Feb 20. Darkness falls over the audience of the opening night of the Fukuoka leg of Cirque du Soleil’s Ovo Tour. All eyes face the one illuminated object in the room, the giant egg from which the performance gets its Portugese name. Before it, a cricket is perched on the stem of a dandelion, silhouetted so completely that egg becomes moon, with night stretching to each corner of the tent. Strobes flash to the crescendoing string motif of Beethoven’s 5th and in a flash of darkness and silence the egg is gone.
The rising stage lights reveal an early dawn, and we are introduced to the community of insects about which the show’s fifteen acts are based as well as the enigmatic and sexually charged ‘Foreigner’, played by Hironi Taniguchi, the first Japanese to land the role of principal clown in Cirque Du Soleil’s thirty year history. His introduction comes in the form a long and drawn out “Ko-Ni-Chi-Wa”, bringing out a wave of laughter from his home audience.
From here, the show moves into its acts, which combine many of the traditional feats of the circus with a stunning level of artistry to create the hybrid of performance art and circus that has made Cirque Du Soleil so successful. The aerial silk act, for example, in which a performer performs on hanging lengths of silk, becomes a chrysalis from which a butterfly emerges, the silk drapes transforming into extended wings, an act of extraordinary talent and beauty.
Yet for its focus on its concept, the show loses none of the displays of awesome physicality and acrobatics. The first half climaxes with its ‘Flying Act’ (an apt name), in which 12 acrobats perform one of the most impressive feats of trapeze to grace the circus, landing triple backloops – not on their feet but their hands – before being launched into yet more somersaults. The second half’s ‘Trampo-Wall’ exhibits the crickets, leaping between floor and a five metre climbing wall with the aid of trampolines. Individual and group talent abounds, the tumble track providing a solo stage for performers to let loose in-between perfectly choreographed group demonstrations on the wall behind.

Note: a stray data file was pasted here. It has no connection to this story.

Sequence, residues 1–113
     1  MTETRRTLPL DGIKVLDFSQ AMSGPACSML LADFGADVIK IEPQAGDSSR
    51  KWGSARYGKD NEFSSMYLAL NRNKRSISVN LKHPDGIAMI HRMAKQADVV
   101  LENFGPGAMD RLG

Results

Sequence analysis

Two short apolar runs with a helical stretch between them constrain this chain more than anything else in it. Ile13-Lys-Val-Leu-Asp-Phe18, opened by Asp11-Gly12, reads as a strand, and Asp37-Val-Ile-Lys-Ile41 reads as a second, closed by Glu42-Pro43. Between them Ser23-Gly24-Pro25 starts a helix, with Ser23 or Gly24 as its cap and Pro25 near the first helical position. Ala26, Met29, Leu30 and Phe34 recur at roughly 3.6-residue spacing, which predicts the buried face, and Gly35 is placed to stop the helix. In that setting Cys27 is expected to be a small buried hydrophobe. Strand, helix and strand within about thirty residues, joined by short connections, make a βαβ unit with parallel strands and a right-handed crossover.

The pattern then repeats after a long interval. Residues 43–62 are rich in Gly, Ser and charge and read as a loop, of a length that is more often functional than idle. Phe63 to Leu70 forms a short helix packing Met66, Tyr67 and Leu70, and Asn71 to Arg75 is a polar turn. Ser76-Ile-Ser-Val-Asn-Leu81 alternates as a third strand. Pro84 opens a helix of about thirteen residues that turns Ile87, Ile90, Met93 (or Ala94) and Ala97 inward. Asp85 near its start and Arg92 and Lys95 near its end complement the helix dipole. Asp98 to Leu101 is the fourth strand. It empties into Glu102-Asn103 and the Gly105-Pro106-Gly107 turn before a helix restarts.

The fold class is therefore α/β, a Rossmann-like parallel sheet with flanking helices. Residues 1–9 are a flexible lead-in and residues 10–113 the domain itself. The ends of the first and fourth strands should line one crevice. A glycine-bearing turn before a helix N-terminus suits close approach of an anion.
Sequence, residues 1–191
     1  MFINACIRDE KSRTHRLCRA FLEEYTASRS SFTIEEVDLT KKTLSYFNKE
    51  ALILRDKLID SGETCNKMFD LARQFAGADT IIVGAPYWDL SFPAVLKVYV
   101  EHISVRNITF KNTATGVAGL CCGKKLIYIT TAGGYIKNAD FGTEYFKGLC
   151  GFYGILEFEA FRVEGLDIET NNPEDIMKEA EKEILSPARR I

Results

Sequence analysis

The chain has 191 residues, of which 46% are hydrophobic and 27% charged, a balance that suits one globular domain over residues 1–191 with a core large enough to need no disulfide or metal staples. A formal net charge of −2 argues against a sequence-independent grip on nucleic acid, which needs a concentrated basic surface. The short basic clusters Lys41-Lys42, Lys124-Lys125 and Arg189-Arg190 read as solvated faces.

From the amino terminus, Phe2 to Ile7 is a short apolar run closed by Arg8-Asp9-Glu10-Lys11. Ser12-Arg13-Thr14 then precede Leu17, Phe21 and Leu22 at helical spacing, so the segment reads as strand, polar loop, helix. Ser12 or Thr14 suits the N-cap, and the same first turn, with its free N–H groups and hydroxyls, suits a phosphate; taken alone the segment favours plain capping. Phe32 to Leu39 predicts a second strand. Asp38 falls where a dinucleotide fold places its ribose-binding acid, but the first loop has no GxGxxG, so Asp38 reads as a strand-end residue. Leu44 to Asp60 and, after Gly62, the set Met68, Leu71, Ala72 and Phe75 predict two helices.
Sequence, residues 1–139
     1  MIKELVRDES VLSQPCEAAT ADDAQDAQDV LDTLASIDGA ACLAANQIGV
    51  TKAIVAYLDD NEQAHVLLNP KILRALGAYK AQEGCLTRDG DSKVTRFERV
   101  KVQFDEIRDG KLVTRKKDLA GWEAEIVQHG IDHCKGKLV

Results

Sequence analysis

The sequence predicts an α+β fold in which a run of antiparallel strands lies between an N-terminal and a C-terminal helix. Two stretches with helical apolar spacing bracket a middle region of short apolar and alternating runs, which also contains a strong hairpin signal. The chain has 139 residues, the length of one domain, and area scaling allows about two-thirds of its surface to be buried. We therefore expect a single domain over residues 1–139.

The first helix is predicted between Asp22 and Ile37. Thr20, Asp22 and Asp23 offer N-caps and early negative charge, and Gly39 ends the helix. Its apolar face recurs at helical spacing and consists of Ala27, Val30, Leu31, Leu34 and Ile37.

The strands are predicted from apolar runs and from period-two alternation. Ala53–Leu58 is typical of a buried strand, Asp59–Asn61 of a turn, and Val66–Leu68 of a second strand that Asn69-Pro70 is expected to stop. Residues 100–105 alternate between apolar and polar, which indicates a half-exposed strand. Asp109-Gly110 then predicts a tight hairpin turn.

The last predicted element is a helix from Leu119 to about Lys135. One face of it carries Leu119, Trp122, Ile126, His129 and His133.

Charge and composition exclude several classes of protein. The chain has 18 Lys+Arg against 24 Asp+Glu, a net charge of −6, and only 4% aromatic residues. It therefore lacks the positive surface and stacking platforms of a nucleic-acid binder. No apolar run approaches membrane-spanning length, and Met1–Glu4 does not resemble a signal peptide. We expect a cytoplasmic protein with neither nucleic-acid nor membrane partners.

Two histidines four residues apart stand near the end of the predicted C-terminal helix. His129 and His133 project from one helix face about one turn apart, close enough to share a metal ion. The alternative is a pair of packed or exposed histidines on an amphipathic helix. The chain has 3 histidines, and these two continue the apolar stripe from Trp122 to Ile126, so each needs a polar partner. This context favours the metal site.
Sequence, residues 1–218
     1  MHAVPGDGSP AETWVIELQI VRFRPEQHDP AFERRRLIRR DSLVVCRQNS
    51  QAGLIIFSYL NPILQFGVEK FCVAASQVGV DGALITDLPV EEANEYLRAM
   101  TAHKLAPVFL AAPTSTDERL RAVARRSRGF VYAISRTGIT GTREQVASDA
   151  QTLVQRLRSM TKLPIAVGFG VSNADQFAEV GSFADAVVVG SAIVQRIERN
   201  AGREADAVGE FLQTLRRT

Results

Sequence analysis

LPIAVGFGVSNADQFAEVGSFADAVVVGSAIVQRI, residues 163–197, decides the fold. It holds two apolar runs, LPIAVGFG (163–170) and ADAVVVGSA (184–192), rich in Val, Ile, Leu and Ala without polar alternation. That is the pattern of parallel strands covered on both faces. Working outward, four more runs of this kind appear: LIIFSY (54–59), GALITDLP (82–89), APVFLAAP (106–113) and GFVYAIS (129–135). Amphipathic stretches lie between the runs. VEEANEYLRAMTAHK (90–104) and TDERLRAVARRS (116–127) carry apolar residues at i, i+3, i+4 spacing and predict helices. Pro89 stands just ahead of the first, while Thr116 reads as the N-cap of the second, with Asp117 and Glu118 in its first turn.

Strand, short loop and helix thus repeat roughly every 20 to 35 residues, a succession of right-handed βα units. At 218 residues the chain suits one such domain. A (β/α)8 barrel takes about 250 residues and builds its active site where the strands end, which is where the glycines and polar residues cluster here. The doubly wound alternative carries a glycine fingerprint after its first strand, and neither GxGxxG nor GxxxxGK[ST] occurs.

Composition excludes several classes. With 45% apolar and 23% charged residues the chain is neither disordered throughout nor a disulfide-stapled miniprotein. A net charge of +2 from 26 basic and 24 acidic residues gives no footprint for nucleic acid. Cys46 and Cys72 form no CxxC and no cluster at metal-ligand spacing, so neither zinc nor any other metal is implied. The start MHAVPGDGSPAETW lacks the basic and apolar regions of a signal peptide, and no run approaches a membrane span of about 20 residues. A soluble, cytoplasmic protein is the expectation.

The scenes are interrupted by clowning from the ringmaster ‘Flipo’, Hironi Taniguchi’s ‘Foreigner’ and love interest ‘Ladybug’. While their performance is mainly a combination of slapstick and pan-lingual gibberish, laughter rang through the tent at their infrequent but well-timed use of Japanese. The second half meanwhile brought to the fore the house band, who underscore the show with a soundtrack influenced by Brazilian samba. The show’s soundscape extends further, however, with a well produced ambient soundtrack of insects tying the show to its theme throughout.
Cirque Du Soleil’s Ovo is a magnificent show, from its level of skill – a lifetime of summers in France practicing trapeze, juggling and tightrope walking wouldn’t get you close – to its artistry, its beautiful choreography, intricately detailed costumes and impressive set design. It will remain in Fukuoka until Apr. 5 when it will move to Sendai to complete its Japanese tour.
Fukuoka Now offers its reader a special chance to get tickets to the amazing Cirque Du Soleil production of Ovo. Save ¥1,500 off each ticket for the three shows listed: Feb. 25 (Wed.) 16:00, Feb. 28 (Sat.) 15:00, and Mar. 8 (Sun.) 11:00. For full details and to reserve access: http://bit.ly/ovo-discount
Feb. 20 (Fri.) ~ Apr. 5 (Sun.), 11:00~, 12:00~, 15:00~, 16:00~, 18:30~
• Fukuoka Big Top (Hakozakigu Gaien)
• 4-10 Maidashi, Higashi-ku, Fukuoka
• Weekdays, Adults: SS seat: ¥12,500, S seat: ¥10,000, A seat/wheelchair seat: ¥6,500
Children：SS seat: ¥8,500, S seat: ¥6,500, A seat/wheelchair seat: ¥4,500
Weekends & Holidays, Adults: SS seat: ¥13,500, S seat: ¥11,000, A seat/wheelchair seat: ¥7,500
Children: SS seat: ¥9,500, S seat: ¥7,500, A seat/wheelchair seat: ¥5,500
Seating map: http://www.fujitv.co.jp/events/ovo/files/pdf/sheet_fukuoka.pdf
Tickets can be purchased via various services including Lawson Ticket (L Code: 87000) and Ticket Pia (P Code: 627-030).
Report by Oscar Boyd
Oscar is a student from London, UK. He is a keen hiker and aims to summit every mountain in Fukuoka visible from his bedroom window. If you have any suggestions contact him on Twitter @omhboyd